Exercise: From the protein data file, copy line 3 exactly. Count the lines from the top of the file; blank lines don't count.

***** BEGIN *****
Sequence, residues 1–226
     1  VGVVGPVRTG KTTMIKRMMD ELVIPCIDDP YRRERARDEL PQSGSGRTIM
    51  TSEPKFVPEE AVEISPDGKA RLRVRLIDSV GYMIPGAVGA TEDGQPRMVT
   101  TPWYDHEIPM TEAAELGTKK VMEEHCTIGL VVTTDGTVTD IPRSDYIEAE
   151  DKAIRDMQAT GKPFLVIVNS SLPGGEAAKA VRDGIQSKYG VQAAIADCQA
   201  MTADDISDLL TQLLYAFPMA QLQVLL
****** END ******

    51  TSEPKFVPEE AVEISPDGKA RLRVRLIDSV GYMIPGAVGA TEDGQPRMVT